GraphBase
The Stanford GraphBase is a freely available collection of computer programs and data useful for testing and comparing combinatorial algorithms. The programs generate a large number of graphs with a great variety of properties. Some of the graphs are based on data from the “real world”: Five-letter words of English, the characters in classical works of fiction, highway distances between cities, input-output statistics of the US economy, college football scores, computational logic circuits, the Mona Lisa, etc. Others are based on regular mathematical constructions such as lattices and quaternions. Graphs can be modified and combined by union, intersection, complementation, product, and forming line graphs. A general induced-graph routine allows omission and/or collapsing and/or splitting of vertices, and/or replacement of vertices by arbitrary graphs. Each graph has an identifying name, so that researchers all over the world can compare results on identical graphs and so that experiments are reproducible. For example, graphs such as book (“homer”, 280, 0, 1, 0, 0, 1, 1, 0) and random_bigraph (128, 128, 1000, -1, 0, 0, 0, 0, 314159) and all-perms (9) are well defined. Conclusion: This paper is a brief overview of the system. Complete details appeared in the author’s book with the same title, published by ACM Press in 1993.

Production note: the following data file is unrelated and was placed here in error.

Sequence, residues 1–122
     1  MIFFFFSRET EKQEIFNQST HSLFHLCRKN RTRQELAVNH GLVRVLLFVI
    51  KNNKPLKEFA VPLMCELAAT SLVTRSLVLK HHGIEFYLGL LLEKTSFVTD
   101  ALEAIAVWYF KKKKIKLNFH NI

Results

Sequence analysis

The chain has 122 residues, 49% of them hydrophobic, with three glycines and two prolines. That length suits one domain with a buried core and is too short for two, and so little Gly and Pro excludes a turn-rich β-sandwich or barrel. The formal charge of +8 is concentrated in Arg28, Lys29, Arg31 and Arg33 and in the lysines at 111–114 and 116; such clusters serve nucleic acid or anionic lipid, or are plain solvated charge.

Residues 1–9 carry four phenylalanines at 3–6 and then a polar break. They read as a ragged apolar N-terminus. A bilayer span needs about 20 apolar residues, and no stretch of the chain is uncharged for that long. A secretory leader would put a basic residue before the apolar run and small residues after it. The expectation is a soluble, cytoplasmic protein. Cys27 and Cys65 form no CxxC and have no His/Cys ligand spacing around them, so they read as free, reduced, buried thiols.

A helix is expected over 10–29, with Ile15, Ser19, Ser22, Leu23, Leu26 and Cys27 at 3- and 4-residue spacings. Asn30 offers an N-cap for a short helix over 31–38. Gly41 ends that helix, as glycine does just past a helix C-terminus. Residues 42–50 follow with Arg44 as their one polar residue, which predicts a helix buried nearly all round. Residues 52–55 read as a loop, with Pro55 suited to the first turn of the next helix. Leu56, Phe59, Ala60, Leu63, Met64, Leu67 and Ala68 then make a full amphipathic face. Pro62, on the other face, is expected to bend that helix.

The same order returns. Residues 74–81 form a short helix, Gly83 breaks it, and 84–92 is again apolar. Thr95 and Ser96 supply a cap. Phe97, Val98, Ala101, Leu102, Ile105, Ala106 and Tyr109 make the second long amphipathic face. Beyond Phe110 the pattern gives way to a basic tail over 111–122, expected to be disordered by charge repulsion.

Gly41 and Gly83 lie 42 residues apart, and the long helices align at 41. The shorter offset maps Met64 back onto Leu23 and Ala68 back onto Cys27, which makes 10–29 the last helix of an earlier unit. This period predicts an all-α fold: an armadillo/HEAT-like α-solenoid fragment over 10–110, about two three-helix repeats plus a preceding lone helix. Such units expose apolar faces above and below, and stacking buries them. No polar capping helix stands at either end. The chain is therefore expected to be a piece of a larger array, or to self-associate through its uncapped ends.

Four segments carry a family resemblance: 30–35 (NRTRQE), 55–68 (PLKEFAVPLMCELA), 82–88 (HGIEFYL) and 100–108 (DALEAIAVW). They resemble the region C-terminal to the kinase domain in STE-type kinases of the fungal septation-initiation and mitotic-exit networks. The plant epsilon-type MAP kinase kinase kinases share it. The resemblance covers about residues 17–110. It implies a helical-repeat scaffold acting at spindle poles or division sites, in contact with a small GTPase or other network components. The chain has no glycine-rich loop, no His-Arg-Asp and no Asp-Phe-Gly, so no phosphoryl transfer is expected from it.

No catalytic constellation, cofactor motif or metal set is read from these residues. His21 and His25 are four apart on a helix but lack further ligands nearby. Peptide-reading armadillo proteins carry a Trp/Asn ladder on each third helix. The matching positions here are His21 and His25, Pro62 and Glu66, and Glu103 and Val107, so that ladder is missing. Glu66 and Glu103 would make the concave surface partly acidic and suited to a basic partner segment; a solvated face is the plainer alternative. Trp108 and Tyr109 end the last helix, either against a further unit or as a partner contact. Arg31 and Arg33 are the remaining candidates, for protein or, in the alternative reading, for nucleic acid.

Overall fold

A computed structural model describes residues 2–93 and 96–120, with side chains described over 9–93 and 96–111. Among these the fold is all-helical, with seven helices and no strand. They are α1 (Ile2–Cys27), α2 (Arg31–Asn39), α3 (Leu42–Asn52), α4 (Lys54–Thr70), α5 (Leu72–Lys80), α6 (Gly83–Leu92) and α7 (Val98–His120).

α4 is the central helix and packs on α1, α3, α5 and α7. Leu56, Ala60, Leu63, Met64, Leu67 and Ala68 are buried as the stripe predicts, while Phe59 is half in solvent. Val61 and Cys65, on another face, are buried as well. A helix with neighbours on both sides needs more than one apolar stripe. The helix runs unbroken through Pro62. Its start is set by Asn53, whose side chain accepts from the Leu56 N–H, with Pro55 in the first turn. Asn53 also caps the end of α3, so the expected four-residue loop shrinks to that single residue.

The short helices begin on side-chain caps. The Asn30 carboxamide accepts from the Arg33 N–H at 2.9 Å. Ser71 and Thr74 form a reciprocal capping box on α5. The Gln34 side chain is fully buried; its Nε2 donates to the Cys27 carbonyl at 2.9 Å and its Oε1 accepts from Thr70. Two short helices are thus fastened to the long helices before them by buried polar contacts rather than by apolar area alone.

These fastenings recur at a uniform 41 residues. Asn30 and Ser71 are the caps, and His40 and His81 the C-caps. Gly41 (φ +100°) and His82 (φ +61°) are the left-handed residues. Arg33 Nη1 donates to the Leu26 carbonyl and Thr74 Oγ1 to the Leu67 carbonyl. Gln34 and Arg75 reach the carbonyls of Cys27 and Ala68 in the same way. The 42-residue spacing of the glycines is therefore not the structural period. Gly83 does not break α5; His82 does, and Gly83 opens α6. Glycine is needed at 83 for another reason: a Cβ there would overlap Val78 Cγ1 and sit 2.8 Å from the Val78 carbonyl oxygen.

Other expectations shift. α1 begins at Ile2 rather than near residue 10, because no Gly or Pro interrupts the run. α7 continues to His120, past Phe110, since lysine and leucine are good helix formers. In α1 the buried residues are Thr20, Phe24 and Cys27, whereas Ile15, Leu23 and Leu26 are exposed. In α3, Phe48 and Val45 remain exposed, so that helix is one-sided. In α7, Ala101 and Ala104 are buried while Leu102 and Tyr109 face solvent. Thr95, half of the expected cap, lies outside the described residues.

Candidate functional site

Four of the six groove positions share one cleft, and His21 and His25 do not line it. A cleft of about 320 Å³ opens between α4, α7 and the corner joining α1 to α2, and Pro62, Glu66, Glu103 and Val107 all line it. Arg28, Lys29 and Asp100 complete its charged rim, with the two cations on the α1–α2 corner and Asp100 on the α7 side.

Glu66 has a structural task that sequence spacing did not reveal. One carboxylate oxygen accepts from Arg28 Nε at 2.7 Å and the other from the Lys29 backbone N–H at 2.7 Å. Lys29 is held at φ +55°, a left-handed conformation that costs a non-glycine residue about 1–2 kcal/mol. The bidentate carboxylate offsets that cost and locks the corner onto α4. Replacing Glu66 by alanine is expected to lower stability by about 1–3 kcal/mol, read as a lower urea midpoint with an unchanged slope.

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References in zbMATH (referenced in 95 articles )
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